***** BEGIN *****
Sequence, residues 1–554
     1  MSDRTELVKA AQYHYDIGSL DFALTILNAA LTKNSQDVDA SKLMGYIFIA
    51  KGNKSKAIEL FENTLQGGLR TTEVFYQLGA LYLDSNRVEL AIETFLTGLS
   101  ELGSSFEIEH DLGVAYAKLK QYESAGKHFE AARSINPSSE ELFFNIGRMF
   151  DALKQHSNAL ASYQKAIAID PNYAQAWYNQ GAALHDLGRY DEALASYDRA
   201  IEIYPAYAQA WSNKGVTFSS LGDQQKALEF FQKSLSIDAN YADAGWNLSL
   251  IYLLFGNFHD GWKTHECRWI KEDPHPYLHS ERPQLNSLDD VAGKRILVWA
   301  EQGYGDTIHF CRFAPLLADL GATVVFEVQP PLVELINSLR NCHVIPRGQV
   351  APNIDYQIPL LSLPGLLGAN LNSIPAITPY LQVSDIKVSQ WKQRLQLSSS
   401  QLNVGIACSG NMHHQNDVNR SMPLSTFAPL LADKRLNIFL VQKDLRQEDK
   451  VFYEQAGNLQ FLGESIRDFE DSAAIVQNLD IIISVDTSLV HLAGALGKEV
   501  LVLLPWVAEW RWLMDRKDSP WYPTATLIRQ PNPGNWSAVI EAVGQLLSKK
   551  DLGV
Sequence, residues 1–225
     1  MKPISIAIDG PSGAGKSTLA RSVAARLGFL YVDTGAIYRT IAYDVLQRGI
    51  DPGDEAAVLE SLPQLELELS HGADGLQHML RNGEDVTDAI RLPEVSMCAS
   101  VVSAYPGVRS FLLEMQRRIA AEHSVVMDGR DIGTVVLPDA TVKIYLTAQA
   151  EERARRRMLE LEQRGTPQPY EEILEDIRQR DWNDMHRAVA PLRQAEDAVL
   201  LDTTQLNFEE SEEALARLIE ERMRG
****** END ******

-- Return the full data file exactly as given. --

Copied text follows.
Sequence, residues 1–554
     1  MSDRTELVKA AQYHYDIGSL DFALTILNAA LTKNSQDVDA SKLMGYIFIA
    51  KGNKSKAIEL FENTLQGGLR TTEVFYQLGA LYLDSNRVEL AIETFLTGLS
   101  ELGSSFEIEH DLGVAYAKLK QYESAGKHFE AARSINPSSE ELFFNIGRMF
   151  DALKQHSNAL ASYQKAIAID PNYAQAWYNQ GAALHDLGRY DEALASYDRA
   201  IEIYPAYAQA WSNKGVTFSS LGDQQKALEF FQKSLSIDAN YADAGWNLSL
   251  IYLLFGNFHD GWKTHECRWI KEDPHPYLHS ERPQLNSLDD VAGKRILVWA
   301  EQGYGDTIHF CRFAPLLADL GATVVFEVQP PLVELINSLR NCHVIPRGQV
   351  APNIDYQIPL LSLPGLLGAN LNSIPAITPY LQVSDIKVSQ WKQRLQLSSS
   401  QLNVGIACSG NMHHQNDVNR SMPLSTFAPL LADKRLNIFL VQKDLRQEDK
   451  VFYEQAGNLQ FLGESIRDFE DSAAIVQNLD IIISVDTSLV HLAGALGKEV
   501  LVLLPWVAEW RWLMDRKDSP WYPTATLIRQ PNPGNWSAVI EAVGQLLSKK
   551  DLGV
Sequence, residues 1–225
     1  MKPISIAIDG PSGAGKSTLA RSVAARLGFL YVDTGAIYRT IAYDVLQRGI
    51  DPGDEAAVLE SLPQLELELS HGADGLQHML RNGEDVTDAI RLPEVSMCAS
   101  VVSAYPGVRS FLLEMQRRIA AEHSVVMDGR DIGTVVLPDA TVKIYLTAQA
   151  EERARRRMLE LEQRGTPQPY EEILEDIRQR DWNDMHRAVA PLRQAEDAVL
   201  LDTTQLNFEE SEEALARLIE ERMRG